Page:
Surprisingly, this simplistic method worked. I got off my a@s, brushed my teeth, made my bed, did my stretches and went to sleep. Of course, all of the advantages that I had foreseen materialized, and I slept far better than I would have otherwise. In the morning, still grasping some tendrils of the idea from the night before, I encouraged myself to go through my proper morning routine (which I typically skipped through in laziness), thinking each time about how much better I would feel for having gone through each step. At work, I dispensed with my array of timers and concentrated how much better I would feel if I didn't have to work through lunch break because I had lazed off during the morning. I found myself finishing my allotted tasks and even completing some leftovers from the previous day, all well before mid-day. And so on during the day... you get the idea.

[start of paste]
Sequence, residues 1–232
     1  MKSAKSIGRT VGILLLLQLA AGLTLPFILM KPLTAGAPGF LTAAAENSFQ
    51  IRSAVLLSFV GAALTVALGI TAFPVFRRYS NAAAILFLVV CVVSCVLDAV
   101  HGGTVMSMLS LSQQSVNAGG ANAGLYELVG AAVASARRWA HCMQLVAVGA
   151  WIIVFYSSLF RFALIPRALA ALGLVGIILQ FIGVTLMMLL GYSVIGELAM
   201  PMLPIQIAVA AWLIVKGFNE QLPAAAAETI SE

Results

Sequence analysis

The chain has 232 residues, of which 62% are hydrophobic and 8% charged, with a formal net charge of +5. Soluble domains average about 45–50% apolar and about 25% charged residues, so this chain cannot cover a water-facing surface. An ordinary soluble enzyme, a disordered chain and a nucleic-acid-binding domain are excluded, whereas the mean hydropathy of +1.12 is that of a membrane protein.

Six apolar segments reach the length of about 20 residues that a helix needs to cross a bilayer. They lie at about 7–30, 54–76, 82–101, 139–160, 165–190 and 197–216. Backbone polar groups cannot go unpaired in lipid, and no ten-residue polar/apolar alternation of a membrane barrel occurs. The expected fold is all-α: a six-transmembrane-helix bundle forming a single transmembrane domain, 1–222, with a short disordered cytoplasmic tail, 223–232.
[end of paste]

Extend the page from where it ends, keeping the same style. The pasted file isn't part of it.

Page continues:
Awestruck with how such a simple system apparently could work better than the plethora of devices I had previously used, I kept experimenting with it, at the same time doing research on whether anything like this had been tried before. It had indeed, in a sense, been tried in certain psychological studies, where people were induced to visualize their rewards to stimulate them into completing a non-rewarding task; but those results were left there as ink on a page, never developing into a proper method (at least not to my knowledge). So I did my best, refining my observations and experiences into what I'm presenting to you now.


How to hack your reward system

 

The key to this method is hacking your reward system to trigger whenever you need it to. On its own, it would only activate at the moment you actually get the reward: not when you're dieting but weeks later when you look at yourself in the mirror, not when you're working but when you've finished and realize you now have guilt-free free time.